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  1. Free, publicly-accessible full text available July 3, 2024
  2. The fractal dimension is a key parameter in quantifying the morphology of aerosol aggregates, which is necessary to understand their radiative impact. Here we used Transmission Electron Microscopy (TEM) images to determine 2D fractal dimensions using the nested square and box-grid method and used two different empirical equations to obtain the 3D fractal dimensions. The values ranged from 1.70 ± 0.05 for pine to 1.82 ± 0.07 for Eucalyptus, with both methods giving nearly identical results using one of the empirical equations and the other overestimated the 3D values significantly when compared to other values in the literature. The values we obtained are comparable to the fractal dimensions of fresh aerosols in the literature and were dependent on fuel type and combustion condition. Although these methods accurately calculated the fractal dimension, they have shortcomings if the images are not of the highest quality. While there are many ways of determining the fractal dimension of linear features, we conclude that the application of every method requires careful consideration of a range of methodological concerns. 
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    Free, publicly-accessible full text available February 1, 2024
  3. null (Ed.)
  4. Abstract

    Long‐term exposure to ambient fine particulate matter (PM2.5) is the second leading risk factor of premature death in Sub‐Saharan Africa. We use GEOS‐Chem to quantify the effects of (a) trash burning, (b) residential solid‐fuel burning, and (c) open biomass burning (BB) (i.e., landscape fires) on ambient PM2.5and PM2.5‐attributable mortality in Africa. Using a series of sensitivity simulations, we excluded each of the three combustion sources in each of five African regions. We estimate that in 2017 emissions from these three combustion sources within Africa increased global ambient PM2.5by 2%, leading to 203,000 (95% confidence interval: 133,000–259,000) premature mortalities yr−1globally and 167,000 premature mortalities yr−1in Africa. BB contributes more ambient PM2.5‐related premature mortalities per year (63%) than residential solid‐fuel burning (29%) and trash burning (8%). Open BB in Central Africa leads to the largest number of PM2.5‐attributed mortalities inside the region, while trash burning in North Africa and residential solid‐fuel burning in West Africa contribute the most regional mortalities for each source. Overall, Africa has a unique ambient air pollution profile because natural sources, such as windblown dust and BB, contribute strongly to ambient PM2.5levels and PM2.5‐related mortality. Air pollution policies may need to focus on taking preventative measures to avoid exposure to ambient PM2.5from these less‐controllable sources.

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  5. null (Ed.)
    Biomass burning (BB) aerosols contribute to climate forcing, but much is still unknown about the extent of this forcing, owing partially to the high level of uncertainty regarding BB aerosol optical properties. A key optical parameter is the refractive index (RI), which influences the absorbing and scattering properties of aerosols. This quantity is not measured directly, but it is obtained by fitting the measured scattering cross section and extinction cross section to a theoretical model using the RI as a fitting parameter. We used the Rayleigh–Debye–Gans (RDG) approximation to retrieve the complex RI of freshly emitted BB aerosol from two fuels (eucalyptus and olive) from Africa in the spectral range of 500–580 nm. Experimental measurements were carried out using cavity ring-down spectroscopy to measure extinction over the range of wavelengths of 500–580 nm and nephelometry to measure scattering at three wavelengths of 450, 550, and 700 nm for size-selected BB aerosol particles. The fuels were combusted in a tube furnace at a temperature of 800 °C, which is representative of the flaming stage of burning. Filter samples were collected and imaged using tunneling electron microscopy to obtain information on the morphology and size of the particles, which was used in the RDG calculations. The mean radii of the monomers were 27.8 and 31.5 nm for the eucalyptus and the olive fuels, respectively. The components of the retrieved complex RI were in the range of 1.31 ≤ n ≤ 1.56 and 0.045 ≤ k ≤ 0.468. The real and complex parts of the RI increase with increasing particle mobility diameter. The real part of the RI is lower, and the imaginary part is higher than what was recommended in literature for black carbon generated by propane or field measurements from fires of mixed wood samples. Fuel dependent results from controlled laboratory experiments can be used in climate modeling efforts and to constrain field measurements from biomass burning.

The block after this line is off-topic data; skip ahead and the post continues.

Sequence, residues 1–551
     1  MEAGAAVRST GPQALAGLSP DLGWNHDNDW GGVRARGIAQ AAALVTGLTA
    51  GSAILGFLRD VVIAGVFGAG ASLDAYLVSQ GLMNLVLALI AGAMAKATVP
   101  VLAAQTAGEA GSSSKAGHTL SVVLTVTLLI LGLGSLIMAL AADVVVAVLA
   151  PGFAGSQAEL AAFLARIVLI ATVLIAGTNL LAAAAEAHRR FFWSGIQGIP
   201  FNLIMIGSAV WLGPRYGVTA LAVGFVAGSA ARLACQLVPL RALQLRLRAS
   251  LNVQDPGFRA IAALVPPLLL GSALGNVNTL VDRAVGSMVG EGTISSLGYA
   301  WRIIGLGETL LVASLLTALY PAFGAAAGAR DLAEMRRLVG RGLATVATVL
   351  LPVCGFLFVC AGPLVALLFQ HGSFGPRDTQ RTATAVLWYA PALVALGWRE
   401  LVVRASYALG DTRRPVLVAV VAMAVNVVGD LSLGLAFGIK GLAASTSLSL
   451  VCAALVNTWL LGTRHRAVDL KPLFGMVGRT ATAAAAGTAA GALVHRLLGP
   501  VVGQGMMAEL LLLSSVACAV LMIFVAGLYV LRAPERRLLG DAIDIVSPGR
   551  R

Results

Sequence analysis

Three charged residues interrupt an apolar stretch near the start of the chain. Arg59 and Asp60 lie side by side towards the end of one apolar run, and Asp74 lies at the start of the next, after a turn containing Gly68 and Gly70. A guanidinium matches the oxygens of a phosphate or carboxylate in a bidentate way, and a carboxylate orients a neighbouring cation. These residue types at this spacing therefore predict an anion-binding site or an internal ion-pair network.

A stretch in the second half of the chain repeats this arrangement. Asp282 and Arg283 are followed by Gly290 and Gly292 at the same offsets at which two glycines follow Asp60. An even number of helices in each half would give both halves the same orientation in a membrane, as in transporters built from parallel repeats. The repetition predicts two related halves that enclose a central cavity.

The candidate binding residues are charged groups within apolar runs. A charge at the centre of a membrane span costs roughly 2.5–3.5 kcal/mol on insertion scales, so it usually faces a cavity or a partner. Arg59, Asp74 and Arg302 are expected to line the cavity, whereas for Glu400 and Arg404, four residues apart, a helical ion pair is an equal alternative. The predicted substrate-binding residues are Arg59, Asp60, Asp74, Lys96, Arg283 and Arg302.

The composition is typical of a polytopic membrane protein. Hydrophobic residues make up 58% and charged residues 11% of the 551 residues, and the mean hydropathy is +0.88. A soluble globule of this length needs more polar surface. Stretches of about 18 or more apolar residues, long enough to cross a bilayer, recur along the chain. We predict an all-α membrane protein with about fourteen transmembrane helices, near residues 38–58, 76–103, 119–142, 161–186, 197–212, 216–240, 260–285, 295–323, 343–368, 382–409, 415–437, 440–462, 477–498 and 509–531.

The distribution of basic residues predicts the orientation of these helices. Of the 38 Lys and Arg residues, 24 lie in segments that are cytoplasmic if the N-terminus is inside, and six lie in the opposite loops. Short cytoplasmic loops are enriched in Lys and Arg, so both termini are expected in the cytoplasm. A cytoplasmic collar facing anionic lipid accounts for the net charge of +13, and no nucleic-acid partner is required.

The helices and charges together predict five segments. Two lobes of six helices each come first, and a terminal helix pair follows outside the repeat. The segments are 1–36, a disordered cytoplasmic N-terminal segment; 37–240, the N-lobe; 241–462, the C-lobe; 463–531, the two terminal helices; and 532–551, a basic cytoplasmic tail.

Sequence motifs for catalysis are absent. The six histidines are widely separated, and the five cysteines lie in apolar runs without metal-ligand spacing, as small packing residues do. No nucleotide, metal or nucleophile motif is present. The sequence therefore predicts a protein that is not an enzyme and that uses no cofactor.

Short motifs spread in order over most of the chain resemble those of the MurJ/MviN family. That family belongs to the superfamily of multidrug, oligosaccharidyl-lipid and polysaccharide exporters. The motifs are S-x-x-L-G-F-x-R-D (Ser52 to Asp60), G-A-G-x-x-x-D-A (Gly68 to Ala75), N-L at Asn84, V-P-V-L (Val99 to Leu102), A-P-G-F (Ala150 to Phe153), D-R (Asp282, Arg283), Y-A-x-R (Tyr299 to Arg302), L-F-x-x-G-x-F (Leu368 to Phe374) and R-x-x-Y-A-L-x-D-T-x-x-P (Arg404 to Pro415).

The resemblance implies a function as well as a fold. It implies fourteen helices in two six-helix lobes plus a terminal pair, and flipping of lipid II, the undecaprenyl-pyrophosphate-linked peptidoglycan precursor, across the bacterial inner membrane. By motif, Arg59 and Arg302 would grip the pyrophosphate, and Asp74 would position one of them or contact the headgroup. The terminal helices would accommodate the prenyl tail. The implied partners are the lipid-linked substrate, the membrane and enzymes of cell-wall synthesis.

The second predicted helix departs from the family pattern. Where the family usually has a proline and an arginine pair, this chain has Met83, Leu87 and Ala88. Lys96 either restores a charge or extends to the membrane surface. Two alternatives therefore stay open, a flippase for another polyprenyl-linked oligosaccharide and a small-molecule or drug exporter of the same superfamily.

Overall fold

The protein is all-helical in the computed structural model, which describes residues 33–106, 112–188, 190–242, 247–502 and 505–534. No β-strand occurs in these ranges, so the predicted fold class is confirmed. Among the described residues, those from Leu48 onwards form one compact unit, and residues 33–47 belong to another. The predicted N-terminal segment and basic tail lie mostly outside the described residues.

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  6. null (Ed.)
    Abstract. An accurate measurement of the optical properties of aerosol is critical for quantifying the effect of aerosol on climate. Uncertainties persist and results of measurements vary significantly. Biomass burning (BB) aerosol has been extensively studied through both field and laboratory environments for North American fuels to understand the changes in opticaland chemical properties as a function of aging. There is a need for a widersampling of fuels from different regions of the world for laboratory studies. This work represents the first such study of the optical andchemical properties of wood fuel samples commonly used for domestic purposes ineast Africa. In general, combustion temperature or modified combustionefficiency (MCE) plays a major role in the optical properties of the emitted aerosol. For fuels combusted with MCE of 0.974±0.015, which is referred to as flaming-dominated combustion, the single-scattering albedo (SSA) values were in the range of 0.287 to 0.439, while for fuels combusted with MCE of 0.878±0.008, which is referred to as smoldering-dominated combustion, the SSA values were in the range of 0.66 to 0.769. There is a clear but very small dependence of SSA on fuel type. A significant increase in the scattering and extinction cross section (with no significant change inabsorption cross section) was observed, indicating the occurrence of chemistry, even during dark aging for smoldering-dominated combustion. Thisfact cannot be explained by heterogeneous oxidation in the particle phase,and we hypothesize that secondary organic aerosol formation is potentiallyhappening during dark aging. After 12 h of photochemical aging, BB aerosolbecomes highly scattering with SSA values above 0.9, which can be attributedto oxidation in the chamber. Aging studies of aerosol from flaming-dominatedcombustion were inconclusive due to the very low aerosol number concentration. We also attempted to simulate polluted urban environments byinjecting volatile organic compounds (VOCs) and BB aerosol into the chamber, but no distinct difference was observed when compared to photochemical aging in the absence of VOCs.